Endangered Data Week: Digital Humanities and Civic Data Literacy

Brandon T. Locke (blocke@msu.edu), Michigan State University, United States of America

Endangered Data Week (http://endangereddataweek.org) emerged in the early months of 2017 as an effort to encourage conversations about government-produced, open data and the ways in which it may become endangered due to political, technical, and social factors.

The 2016 US election set off a wave of activism surrounding government data, particularly in the collection and mirroring of environment and climate change data. While much of this attention has been focused on the United States, similar conditions have affected and continue to threaten governments around the world. Endangered Data Week presented an opportunity to funnel even more attention to the issue of potential federal data loss, while also providing opportunities to include lessons on data literacy, civic issues and policy advocacy, data management and curation, technical skills for data capture, and open access and open data in scholarship.

The inaugural Endangered Data Week (April 17-21, 2017) was comprised of 57 formally registered events from 30 institutions and organizations, including virtual participation from hundreds of participants from around the world. The second annual Endangered Data Week will be February 26 – March 2, 2018.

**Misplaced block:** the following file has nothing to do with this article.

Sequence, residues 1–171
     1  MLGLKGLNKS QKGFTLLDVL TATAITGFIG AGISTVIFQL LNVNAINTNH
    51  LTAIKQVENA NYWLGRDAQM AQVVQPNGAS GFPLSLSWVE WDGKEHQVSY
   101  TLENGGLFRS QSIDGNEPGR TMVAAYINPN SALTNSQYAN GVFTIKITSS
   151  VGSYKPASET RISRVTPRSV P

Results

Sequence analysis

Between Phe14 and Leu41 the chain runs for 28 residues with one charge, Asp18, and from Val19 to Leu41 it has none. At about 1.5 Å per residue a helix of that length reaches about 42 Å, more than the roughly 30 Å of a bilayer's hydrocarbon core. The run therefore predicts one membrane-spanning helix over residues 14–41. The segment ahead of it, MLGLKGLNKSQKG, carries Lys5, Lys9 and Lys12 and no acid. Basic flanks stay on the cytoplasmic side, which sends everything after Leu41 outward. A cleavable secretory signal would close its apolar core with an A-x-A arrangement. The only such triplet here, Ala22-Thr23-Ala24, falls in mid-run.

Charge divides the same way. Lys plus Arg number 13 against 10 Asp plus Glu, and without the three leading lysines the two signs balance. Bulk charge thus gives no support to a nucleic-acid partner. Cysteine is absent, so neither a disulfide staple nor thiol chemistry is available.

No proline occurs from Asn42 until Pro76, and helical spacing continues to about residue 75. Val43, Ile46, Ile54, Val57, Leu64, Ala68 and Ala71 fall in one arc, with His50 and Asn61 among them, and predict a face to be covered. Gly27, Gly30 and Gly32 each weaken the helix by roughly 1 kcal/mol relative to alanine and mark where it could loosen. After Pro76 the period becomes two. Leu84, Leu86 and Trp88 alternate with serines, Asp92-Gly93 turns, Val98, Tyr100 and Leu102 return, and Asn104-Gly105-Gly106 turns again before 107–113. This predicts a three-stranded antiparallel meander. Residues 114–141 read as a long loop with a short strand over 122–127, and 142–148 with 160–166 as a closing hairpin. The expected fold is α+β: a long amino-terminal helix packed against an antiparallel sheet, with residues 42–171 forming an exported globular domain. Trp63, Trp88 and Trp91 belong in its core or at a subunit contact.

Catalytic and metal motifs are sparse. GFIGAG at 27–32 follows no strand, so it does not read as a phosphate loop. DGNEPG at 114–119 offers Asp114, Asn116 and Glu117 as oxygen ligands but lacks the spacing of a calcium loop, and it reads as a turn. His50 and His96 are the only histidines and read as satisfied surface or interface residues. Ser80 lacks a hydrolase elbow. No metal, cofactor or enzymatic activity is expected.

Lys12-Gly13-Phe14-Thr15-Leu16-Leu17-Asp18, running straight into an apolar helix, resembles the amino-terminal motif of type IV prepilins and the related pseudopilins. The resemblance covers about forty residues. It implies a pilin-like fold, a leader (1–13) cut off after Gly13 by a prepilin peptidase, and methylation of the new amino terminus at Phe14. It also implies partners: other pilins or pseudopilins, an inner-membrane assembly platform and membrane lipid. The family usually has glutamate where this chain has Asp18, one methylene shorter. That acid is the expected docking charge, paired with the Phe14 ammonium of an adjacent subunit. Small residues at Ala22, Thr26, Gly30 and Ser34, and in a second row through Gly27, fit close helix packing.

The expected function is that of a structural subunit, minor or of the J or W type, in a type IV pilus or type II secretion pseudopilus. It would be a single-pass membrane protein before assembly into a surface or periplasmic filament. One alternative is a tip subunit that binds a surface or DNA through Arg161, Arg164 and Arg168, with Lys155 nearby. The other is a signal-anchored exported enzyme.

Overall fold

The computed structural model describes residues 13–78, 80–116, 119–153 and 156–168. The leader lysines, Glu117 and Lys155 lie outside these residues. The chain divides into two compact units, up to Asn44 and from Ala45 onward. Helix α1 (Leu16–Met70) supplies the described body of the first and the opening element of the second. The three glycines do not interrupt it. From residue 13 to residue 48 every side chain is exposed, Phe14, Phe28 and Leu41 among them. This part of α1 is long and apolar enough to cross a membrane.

One particularly interesting strain of events in Endangered Data Week is civic data literacy. While so many other projects, including DataRescue, the Preservation of Electronic Government Information (PEGI) project and Environmental Data and Governance Initiative (EDGI) are focused on capturing and preserving government data, Endangered Data Week data literacy events focus on the capacity of the user communities. They seek to enable broader communities to use, interpret, and analyze open data.

The required knowledge and tools for working with civic data overlap significantly with much of the work digital humanists do with data. The creation of datasets often requires scraping information off of the web in flat HTML or confusing databases. Data in both contexts is often irregularly formatted or melded together from multiple sources, requiring the cleaning and reorganization. Meaningful research often requires an iterative process of researching the contexts in which the data was created and the data itself to resolve undocumented meaning in the data. Both contexts also require interpretation for both specialized and non-specialized audiences.

This poster will include a brief overview of Endangered Data Week and will focus on the existing efforts to teach civic data literacy, including an exploratory framework for the most essential skills, knowledges, and tools that are required for diverse communities to use civic data, and the relationship between these events and the broader role of digital humanities faculty, librarians, and staff within our institutions and the communities in which we live.

Deja tu comentario